Allergy and asthma sufferers can anticipate a higher level of symptoms this spring due to a massive germination of allergens expected after Southern Californias heavy rains in January, says Zab Mosenifar, MD, director of pulmonary and critical care at Cedars-Sinai Medical Center.
The last incidence like this was seven or eight years when El Nino caused heavy, extended rainfall and, as a result, a significant increase in allergy symptoms, says Mosenifar, explaining that wet weather ensures a bumper crop of pre-existing weeds and grasses, plus new plants that take root from windborne seeds.
This makes for a very green, lush spring as well as increased hay fever and asthma symptoms for seasonal sufferers, he adds. The allergy season in Southern California typically runs from late February/early March through April or May.
Hay fever (allergic rhinitis) is characterized by inflammation of the mucous membranes in the nose, causing sneezing, congestion, runny nose and itchiness in the roof of the mouth, throat, eyes, nose and ears. In allergic asthma, airway passages become inflamed and swollen, making it difficult to breathe.
While allergic rhinitis is an annoying condition, allergic asthma is more serious and can be life-threatening, says Mosenifar.
How best to cope?
Avoidance is No. 1 but there are limits to what you can advise, Mosenifar explains. You cant tell someone to move from their home or job -- thats just not practical. A more realistic approach is to minimize exposure and to treat symptoms.
Recommendations to ease symptoms include:
Staying indoors, especially on windy days when airborne pollen is rampant.
Avoiding freshly cut lawns.
Taking mild antihistamines in non-drowsy formulations. A number of long-acting, over-the-counter medications are now available to block allergens effects.
Moving your exercise routine indoors or working out before 10 a.m., prior to major pollen release.
Taking up swimming. The air just above the water is particularly pure, and the moisture is soothing to airways.
Making sure, if you have asthma, to take your inhaled steroids properly.
Wearing a face mask, at least when youre outdoors.
Dont take drastic measures or significantly change your lifestyle, Mosenifar stresses. Instead, follow practical precautions. If youre allergic to dander, dont get a cat. If you already have a cat, look for reasonable solutions.
According to Mosenifar, pollens and plant growth arent the only result of this years increased rainfall.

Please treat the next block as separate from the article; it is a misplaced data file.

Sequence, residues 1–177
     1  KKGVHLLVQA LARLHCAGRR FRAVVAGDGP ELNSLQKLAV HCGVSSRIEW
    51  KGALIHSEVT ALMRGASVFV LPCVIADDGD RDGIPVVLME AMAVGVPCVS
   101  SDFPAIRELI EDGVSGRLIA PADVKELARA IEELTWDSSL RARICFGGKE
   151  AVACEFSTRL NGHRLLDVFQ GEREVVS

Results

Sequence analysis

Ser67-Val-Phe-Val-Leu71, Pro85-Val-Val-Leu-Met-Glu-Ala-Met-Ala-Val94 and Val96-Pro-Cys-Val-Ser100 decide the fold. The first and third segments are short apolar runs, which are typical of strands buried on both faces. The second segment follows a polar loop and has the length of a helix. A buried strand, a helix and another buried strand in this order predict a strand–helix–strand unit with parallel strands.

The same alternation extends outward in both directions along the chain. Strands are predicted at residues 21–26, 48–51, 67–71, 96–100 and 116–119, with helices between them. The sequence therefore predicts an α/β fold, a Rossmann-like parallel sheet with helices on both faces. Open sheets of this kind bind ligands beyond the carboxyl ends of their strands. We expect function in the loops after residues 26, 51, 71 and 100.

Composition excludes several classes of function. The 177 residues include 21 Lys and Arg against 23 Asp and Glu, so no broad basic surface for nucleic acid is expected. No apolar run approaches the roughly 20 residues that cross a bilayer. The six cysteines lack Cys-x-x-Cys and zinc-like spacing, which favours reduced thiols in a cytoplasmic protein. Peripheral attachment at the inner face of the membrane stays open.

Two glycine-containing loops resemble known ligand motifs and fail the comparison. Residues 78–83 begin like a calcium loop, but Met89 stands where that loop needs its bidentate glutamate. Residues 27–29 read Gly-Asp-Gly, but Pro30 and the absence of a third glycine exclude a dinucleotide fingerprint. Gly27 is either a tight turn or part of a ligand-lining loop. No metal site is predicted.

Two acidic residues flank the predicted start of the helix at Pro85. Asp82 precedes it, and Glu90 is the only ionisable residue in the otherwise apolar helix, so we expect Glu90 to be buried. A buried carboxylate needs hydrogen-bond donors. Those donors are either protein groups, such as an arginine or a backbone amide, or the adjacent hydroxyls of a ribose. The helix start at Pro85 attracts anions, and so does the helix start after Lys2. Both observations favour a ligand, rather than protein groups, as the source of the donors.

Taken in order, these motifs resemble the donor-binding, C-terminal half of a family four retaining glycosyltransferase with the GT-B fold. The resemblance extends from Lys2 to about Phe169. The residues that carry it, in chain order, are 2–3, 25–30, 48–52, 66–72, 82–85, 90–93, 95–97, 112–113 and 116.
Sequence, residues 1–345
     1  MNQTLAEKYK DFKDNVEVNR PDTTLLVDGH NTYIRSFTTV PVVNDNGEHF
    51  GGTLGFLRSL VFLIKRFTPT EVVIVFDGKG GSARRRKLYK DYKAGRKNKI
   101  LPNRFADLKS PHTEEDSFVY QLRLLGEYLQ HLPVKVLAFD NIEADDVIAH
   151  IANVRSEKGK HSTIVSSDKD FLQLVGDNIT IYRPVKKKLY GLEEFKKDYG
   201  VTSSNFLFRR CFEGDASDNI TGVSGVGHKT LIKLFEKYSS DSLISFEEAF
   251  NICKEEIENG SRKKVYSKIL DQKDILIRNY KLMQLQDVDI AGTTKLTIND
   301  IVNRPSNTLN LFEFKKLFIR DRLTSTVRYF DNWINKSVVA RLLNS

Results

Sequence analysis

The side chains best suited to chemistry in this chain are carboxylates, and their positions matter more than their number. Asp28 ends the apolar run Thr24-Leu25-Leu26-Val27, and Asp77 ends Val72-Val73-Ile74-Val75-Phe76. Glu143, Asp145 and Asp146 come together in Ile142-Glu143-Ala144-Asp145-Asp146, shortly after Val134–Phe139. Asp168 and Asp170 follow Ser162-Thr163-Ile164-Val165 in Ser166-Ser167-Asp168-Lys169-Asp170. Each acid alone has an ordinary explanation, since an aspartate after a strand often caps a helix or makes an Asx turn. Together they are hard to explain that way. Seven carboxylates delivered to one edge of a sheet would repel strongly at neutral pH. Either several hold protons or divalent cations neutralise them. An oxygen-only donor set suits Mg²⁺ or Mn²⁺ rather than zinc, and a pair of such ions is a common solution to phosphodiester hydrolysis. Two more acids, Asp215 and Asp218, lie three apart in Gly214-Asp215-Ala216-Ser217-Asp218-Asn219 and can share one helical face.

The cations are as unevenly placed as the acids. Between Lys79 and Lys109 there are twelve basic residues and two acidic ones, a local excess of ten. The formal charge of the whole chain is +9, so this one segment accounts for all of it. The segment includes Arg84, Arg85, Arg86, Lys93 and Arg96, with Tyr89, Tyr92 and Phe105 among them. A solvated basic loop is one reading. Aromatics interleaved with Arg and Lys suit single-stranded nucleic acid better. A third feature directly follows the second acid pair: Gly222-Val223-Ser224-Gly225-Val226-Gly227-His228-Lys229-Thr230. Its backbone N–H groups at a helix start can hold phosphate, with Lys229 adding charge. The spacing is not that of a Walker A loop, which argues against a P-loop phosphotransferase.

Mold is a result of moisture, he explains. Both pollen and mold spores are found outdoors, carried by wind currents, but mold exists indoors as well. A significant number of homes in L.A. have basements that may leak or flood during heavy rains. If you end up with water in your basement, theres a high likelihood of mold.
Mold spores can cause allergy-like symptoms, including congestion, runny nose, cough, itchy eyes, and can aggravate asthma. Though healthy people can manage limited, temporary exposure, those with compromised immune systems, lung disease or other health problems could develop more serious symptoms or infections.
To minimize moisture and mold in your household:
Regularly clean bathrooms, kitchens and basements and any other rooms of the house prone to moisture or mold. Use bleach to control mold on tile and other surfaces.
Repair any leaks quickly and completely.
In the event of flooding or a major leak, minimize exposure during cleanup by wearing gloves and eye protection. Asthma sufferers and others endangered by mold exposure should leave the premises during cleanup.
Do not place carpeting in rooms prone to high moisture.
Clean and replace tile grout regularly.
Maintain home humidity levels below 60 percent by using air conditioners, dehumidifiers, kitchen/bathroom exhaust fans, crawlspace/attic vents and increased insulation.
Check clothes dryer for proper venting.
Choose paint with EPA-approved mold inhibitors for high-moisture areas.
And watch for Santa Anas healing winds, Mosenifar advises. Usually Santa Anas winds will come and dry things out, getting rid of the mold. Its very healthy -- like natures own antidote. On the negative side they bring around new pollens from far way places which may precipitate more symptoms.
Source: Cedars-Sinai Medical Center